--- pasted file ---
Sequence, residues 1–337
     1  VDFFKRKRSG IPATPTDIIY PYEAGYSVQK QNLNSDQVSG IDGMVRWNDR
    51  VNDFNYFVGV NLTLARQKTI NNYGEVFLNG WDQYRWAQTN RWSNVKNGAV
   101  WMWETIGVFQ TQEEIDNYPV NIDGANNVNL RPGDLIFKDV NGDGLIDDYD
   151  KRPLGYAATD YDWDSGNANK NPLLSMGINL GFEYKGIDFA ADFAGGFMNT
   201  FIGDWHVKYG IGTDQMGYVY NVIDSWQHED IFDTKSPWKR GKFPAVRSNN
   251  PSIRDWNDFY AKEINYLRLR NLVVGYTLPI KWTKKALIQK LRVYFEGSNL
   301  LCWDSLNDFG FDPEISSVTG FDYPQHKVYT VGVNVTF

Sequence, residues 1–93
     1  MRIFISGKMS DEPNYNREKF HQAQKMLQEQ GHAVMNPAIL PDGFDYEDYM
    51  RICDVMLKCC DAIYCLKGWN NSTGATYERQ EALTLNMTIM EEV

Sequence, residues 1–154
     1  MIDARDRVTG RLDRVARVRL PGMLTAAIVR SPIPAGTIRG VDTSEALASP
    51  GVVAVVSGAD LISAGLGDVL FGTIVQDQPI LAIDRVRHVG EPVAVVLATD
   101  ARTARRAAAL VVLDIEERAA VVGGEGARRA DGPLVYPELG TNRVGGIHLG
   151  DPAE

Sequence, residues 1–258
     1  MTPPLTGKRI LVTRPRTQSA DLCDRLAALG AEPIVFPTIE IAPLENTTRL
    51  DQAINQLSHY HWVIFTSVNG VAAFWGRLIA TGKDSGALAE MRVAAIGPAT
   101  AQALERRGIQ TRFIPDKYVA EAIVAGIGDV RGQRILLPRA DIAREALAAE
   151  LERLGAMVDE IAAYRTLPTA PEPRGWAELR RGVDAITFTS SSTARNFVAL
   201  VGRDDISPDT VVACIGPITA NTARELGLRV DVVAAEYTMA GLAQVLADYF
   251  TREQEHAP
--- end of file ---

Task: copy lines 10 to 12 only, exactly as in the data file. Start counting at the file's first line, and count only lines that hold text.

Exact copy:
     1  MRIFISGKMS DEPNYNREKF HQAQKMLQEQ GHAVMNPAIL PDGFDYEDYM
    51  RICDVMLKCC DAIYCLKGWN NSTGATYERQ EALTLNMTIM EEV

Sequence, residues 1–154